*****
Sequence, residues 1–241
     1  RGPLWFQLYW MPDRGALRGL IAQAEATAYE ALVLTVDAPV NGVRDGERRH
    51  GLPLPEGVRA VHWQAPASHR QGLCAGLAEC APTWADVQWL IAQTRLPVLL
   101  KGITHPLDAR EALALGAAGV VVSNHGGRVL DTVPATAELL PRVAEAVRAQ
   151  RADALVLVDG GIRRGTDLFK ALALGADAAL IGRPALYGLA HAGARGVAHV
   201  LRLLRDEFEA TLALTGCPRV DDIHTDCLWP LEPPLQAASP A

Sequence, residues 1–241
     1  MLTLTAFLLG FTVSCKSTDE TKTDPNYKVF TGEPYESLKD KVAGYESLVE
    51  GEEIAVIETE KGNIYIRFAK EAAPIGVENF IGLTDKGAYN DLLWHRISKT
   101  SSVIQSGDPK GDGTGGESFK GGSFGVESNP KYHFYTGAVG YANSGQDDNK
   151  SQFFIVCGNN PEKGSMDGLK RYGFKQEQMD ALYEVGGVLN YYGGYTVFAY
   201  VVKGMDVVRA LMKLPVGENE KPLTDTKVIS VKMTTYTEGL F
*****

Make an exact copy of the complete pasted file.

Sequence, residues 1–241
     1  RGPLWFQLYW MPDRGALRGL IAQAEATAYE ALVLTVDAPV NGVRDGERRH
    51  GLPLPEGVRA VHWQAPASHR QGLCAGLAEC APTWADVQWL IAQTRLPVLL
   101  KGITHPLDAR EALALGAAGV VVSNHGGRVL DTVPATAELL PRVAEAVRAQ
   151  RADALVLVDG GIRRGTDLFK ALALGADAAL IGRPALYGLA HAGARGVAHV
   201  LRLLRDEFEA TLALTGCPRV DDIHTDCLWP LEPPLQAASP A

Sequence, residues 1–241
     1  MLTLTAFLLG FTVSCKSTDE TKTDPNYKVF TGEPYESLKD KVAGYESLVE
    51  GEEIAVIETE KGNIYIRFAK EAAPIGVENF IGLTDKGAYN DLLWHRISKT
   101  SSVIQSGDPK GDGTGGESFK GGSFGVESNP KYHFYTGAVG YANSGQDDNK
   151  SQFFIVCGNN PEKGSMDGLK RYGFKQEQMD ALYEVGGVLN YYGGYTVFAY
   201  VVKGMDVVRA LMKLPVGENE KPLTDTKVIS VKMTTYTEGL F